"Agile"? Ohhhh, what is this "agile" stuff you speak of?

Look at the topics of most testing/dev conferences, webinars, blogs or tweets. Can you find the word “Agile” in there? I’ll bet you can. I was excited about it five years ago and I thought it would have a huge impact on my software testing challenges. It has not.

Testers still have to look at a chunk of software and figure out how to test it. This is still the most challenging activity we face everyday. When we find a problem, it doesn’t matter if you want us to log a bug, not close a story, stick it on the wall with a Post-It Note, or whisper it in a developer’s ear. The same testing must occur to find the problem. Everything else is what you do before or after the test.

The grass always looks greener on the other side of the fence. But once you hop the fence you’ll realize it is just as brown.

After reading Adam Goucher’s review of Malcolm Gladwell’s book, Blink, and hearing it recommended by other testers, I finally read it.

Some people (like Adam) are good at learning about testing by drawing parallels from non-testing material (like dirt bike magazines). I guess I’m not as good at this. Although, I did enjoy Blink, it certainly did not provide me with as many “ah ha!” testing moments as I’ve heard other testers suggest. I learned a bit about marketing, racism, and health care, but not too much about testing. And I felt like many of the stories and studies were things I already knew (sorry, I'm not being very humble).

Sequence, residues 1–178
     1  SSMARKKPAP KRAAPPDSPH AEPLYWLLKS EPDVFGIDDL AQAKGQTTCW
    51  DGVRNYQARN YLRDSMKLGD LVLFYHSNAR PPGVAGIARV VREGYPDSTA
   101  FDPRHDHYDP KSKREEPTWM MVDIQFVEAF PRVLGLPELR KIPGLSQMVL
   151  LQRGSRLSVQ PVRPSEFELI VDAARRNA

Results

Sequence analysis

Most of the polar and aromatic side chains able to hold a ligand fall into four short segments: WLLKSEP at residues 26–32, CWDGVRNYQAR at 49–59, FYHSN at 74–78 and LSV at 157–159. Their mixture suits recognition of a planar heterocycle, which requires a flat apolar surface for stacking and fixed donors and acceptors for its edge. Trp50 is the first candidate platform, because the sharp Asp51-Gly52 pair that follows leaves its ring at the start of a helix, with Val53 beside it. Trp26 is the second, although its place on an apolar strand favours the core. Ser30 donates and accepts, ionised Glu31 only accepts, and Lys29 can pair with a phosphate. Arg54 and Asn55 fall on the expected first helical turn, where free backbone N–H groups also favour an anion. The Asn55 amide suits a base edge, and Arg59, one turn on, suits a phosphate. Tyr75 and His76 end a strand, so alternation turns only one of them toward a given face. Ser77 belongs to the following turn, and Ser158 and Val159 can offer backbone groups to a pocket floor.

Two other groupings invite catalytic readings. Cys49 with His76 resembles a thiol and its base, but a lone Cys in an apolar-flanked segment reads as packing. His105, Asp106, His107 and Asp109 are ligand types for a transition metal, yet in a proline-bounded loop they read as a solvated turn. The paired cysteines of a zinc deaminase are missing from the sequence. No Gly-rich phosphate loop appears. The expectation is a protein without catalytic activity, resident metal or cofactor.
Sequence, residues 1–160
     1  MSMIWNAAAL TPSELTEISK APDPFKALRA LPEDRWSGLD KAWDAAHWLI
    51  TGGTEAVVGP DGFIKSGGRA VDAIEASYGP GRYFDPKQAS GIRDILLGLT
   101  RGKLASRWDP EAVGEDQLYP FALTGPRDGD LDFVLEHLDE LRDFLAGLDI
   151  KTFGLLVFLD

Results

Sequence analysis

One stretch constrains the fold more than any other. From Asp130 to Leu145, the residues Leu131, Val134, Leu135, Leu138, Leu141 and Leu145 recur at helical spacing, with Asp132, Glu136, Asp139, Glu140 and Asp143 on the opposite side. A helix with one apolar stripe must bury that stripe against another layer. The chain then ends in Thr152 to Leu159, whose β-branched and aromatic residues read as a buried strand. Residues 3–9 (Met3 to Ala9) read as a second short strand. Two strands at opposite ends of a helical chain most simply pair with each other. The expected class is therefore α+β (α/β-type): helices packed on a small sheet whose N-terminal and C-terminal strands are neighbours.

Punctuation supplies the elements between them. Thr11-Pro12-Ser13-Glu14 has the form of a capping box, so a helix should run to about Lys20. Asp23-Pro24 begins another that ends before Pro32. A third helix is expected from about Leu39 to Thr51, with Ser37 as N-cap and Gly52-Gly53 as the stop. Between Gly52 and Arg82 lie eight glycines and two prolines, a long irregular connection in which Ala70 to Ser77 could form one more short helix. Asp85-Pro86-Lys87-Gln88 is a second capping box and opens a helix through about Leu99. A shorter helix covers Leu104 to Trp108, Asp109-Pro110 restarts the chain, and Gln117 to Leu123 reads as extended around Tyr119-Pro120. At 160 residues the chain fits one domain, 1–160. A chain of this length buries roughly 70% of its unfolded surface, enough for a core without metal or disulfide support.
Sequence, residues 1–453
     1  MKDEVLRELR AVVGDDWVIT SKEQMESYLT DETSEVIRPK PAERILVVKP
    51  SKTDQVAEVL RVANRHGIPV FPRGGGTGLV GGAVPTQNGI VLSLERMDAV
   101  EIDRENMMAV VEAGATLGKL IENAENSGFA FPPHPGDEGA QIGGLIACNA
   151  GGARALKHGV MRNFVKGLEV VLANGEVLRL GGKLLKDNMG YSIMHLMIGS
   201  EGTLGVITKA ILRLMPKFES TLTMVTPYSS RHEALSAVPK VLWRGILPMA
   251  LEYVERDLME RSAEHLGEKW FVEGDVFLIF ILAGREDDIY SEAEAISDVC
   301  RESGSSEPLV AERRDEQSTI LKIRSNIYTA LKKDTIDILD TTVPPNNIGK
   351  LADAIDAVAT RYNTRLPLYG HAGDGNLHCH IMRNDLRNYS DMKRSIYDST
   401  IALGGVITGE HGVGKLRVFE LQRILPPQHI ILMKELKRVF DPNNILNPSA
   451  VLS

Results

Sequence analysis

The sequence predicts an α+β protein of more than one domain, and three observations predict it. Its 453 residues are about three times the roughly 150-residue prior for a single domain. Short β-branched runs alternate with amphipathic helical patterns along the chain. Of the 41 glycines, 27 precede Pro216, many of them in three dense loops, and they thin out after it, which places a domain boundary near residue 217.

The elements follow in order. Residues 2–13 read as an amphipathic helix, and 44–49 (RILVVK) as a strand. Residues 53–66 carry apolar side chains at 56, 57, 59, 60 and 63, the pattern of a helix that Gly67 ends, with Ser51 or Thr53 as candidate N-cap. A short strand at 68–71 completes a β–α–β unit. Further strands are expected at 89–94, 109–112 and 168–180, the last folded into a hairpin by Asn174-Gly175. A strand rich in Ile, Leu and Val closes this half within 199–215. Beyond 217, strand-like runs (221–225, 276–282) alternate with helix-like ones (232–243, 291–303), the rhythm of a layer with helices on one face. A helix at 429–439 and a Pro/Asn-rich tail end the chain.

In addition to Adam's test-related discoveries, here are a couple additional ones I scraped up:

  • Although, it was an awesome breakthrough in office chairs, and completely functional, people hated the Herman Miller Aeron Chairs. At first, the chairs didn’t sell. What did people hate? They hated the way they looked. People thought they looked flimsy and not very executive-like. After several cosmetic changes, people began accepting the chairs and now the chairs are hugely popular. Sadly, this is how users approach new software. No matter how efficient, they want the UI to look and feel a way they are familiar with. As testers, we may want to point out areas we think users will dislike. We can determine these by staying in touch with our own first time reactions.

  • Blink describes an experiment where in one case, customers at a grocery store were offered two samples of jam. In a second case, customers were offered about 10 samples of jam. Which case do you think sold more jam? The first case. When people are given too much information, it takes too much work for them to make decisions. What does this have to do with testing? From a usability standpoint, testers can identify functionality that may overload users with too many decisions at one time. The iPhone got this one right.
We always hear the complaint that testers who don't read books must not be any good at testing. For fear of falling into this category, I've recently read some other books that are actually about software testing. These books have not been as useful as the ideas I stumble upon, myself, while I'm in the trenches. But perhaps knowing these books are unsatisfying is helpful because I know there are no easy answers out there for the problems I face everyday.

A day went by without finding bugs in my AUT.

When I got home, as if desperate for bugs, I noticed one in the kitchen. I wanted to squash it but I know better. I controlled myself. I stood back and observed the bug (…an ant). I wondered how it got there. If one bug got in, there would probably be more. I noticed four more bugs over by the window. Ah hah! I’ll focus my efforts near the window. Perhaps I could draw out more bugs. I’ll give these bugs a reason to show up; several drops of tasty ant poison.